On Monday, 3rd July, the Belarus-born poker player Artur Rudziankov managed to outplay 1,763 players in $1,500 No-Limit Hold’em and top the field during an extra day. He pocketed $395,918 and started his WSOP collection of trophies with the first gold bracelet in his career.
The 29-year-old Rudziankov managed to almost double his poker bankroll, by adding the first-prize to his earnings. The event was met with great interest, which is not a surprise having in mind the guaranteed prize pool, which was swollen to $2,380,050. 265 players managed to attain a cash prize, but it was Rudziankov, who got the big one.
This triumph is more than a personal achievement, as this is only the second time, when a Czech Republic poker player manages to win the gold bracelet. In fact, Rudziankov is born in Belarus, but he lived most of his life in the Czech Republic.
Due to the great interest in the event, an extra day was added. Moreover, the game was following a slow pace, as every player was struggling to appear in the list of top players. Day 3 welcomed 23 players, who managed to survive the crowded field. However, after the number of poker players was melted down to only 9, the official final table welcomed the contestants. In fact, it took a while until the names of the two players, who were about to enter the heads-up battle were announced, as all the players on the final table were poker heavyweights.
Nevertheless, after the number of players was reduced to only two, it appeared that the two finalists, who will enter the two-handed battle are Artur Rudziankov and the Spanish-born Mario Prats Garcia, who managed to scoop a WSOP cash prize for the second time. However, this was the player’s biggest payday, as he managed to rake $244,611 for his deep-run performance, finishing as the runner-up.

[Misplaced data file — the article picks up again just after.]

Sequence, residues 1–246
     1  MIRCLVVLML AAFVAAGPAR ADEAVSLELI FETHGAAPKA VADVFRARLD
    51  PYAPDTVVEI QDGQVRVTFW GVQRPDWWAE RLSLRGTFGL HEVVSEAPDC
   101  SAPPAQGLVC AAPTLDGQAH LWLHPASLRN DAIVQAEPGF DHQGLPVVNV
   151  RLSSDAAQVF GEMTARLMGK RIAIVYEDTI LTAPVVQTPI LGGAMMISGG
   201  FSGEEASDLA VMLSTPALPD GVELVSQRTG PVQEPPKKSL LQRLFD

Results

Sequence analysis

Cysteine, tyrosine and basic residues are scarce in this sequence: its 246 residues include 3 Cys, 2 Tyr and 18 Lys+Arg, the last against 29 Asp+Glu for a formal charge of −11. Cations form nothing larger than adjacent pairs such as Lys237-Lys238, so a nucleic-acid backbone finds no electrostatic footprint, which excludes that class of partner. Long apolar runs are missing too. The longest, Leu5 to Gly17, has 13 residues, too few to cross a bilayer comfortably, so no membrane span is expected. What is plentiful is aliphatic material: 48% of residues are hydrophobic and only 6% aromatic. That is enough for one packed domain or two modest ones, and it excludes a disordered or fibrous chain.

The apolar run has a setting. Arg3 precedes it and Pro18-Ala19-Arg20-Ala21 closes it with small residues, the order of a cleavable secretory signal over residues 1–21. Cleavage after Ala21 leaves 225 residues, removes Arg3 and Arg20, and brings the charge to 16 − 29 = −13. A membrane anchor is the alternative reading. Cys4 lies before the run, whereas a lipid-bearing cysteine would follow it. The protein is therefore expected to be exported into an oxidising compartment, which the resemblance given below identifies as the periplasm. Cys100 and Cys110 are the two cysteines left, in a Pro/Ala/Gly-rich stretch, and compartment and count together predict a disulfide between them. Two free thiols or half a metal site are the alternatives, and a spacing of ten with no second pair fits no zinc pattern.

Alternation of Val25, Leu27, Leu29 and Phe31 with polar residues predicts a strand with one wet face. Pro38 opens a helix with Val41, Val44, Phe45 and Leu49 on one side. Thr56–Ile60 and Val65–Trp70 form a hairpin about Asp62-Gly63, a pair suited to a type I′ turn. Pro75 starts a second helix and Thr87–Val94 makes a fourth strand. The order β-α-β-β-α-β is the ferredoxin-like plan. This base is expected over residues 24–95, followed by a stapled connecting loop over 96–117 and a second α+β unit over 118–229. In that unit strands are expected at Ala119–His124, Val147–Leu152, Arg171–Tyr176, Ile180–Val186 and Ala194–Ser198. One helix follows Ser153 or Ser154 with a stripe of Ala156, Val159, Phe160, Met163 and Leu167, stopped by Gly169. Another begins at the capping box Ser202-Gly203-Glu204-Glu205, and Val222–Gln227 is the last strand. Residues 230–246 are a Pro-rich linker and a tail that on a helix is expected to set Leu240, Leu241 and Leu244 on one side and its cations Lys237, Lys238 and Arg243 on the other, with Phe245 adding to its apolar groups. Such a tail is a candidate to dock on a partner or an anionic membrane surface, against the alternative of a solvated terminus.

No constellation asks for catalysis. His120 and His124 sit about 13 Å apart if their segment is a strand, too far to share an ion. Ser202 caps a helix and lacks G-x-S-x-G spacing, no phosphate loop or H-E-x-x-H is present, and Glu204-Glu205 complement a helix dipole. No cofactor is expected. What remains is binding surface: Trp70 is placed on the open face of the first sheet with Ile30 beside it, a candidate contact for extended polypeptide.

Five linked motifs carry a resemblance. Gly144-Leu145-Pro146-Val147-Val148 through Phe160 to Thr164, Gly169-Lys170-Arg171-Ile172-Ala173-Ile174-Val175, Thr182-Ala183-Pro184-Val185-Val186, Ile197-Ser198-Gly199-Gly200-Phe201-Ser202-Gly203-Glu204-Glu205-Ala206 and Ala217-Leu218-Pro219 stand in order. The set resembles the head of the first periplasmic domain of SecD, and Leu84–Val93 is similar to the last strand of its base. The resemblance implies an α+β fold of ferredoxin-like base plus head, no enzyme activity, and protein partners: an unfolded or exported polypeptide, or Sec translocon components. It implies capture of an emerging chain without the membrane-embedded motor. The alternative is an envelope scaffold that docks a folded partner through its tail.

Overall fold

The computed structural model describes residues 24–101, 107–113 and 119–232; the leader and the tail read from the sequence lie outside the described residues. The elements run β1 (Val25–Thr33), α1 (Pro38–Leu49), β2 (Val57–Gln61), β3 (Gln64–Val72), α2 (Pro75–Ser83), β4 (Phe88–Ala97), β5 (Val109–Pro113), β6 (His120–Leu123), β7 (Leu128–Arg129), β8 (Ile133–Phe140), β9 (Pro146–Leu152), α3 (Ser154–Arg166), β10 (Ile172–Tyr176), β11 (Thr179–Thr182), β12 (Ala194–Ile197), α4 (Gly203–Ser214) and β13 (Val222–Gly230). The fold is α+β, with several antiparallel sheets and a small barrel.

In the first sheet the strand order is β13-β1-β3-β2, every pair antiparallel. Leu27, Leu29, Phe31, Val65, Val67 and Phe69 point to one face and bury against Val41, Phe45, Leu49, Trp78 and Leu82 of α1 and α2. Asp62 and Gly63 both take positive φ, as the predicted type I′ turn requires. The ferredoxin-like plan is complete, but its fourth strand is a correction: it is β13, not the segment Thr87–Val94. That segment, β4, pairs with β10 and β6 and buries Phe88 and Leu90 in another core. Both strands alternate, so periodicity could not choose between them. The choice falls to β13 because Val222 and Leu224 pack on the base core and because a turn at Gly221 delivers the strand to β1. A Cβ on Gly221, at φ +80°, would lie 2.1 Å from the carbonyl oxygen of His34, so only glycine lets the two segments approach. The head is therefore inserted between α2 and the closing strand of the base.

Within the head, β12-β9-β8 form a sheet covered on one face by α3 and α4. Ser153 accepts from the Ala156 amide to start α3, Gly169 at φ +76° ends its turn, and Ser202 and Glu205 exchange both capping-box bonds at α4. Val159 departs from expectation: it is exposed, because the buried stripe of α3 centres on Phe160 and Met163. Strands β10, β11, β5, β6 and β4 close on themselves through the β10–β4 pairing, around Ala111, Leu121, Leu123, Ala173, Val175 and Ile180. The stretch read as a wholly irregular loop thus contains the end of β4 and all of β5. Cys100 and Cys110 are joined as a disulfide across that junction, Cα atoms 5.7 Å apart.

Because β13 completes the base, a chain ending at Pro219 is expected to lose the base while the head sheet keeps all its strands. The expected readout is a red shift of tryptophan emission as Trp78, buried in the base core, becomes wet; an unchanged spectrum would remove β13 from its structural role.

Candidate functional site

What appeared to be the winning hand was hand number 200 in play. Both players moved all-in and all the chips were already placed at the centre of the poker table, ready to decide who will be the final winner. It was Artur Rudziankov, who gave the start of the all-in confrontation, and his opponent called the bet. At that time Prats was holding [Ac][Js] against Rudziankov’s [Jd][4c]. The Czech Republic player could not hide his annoyance by the hand he was holding.
However, the flop changed the situation as the dealer turned [4s][2s][7d], followed by a turn of [8c] and a river of [7s], which appeared to be a blank draw for both players. Thus, Rudziankov’s managed to flop a pair and secure the biggest share of the prize pool, along with inscribing his name in the history of the Czech Republic as the second poker player, who brought gold and fame for his country.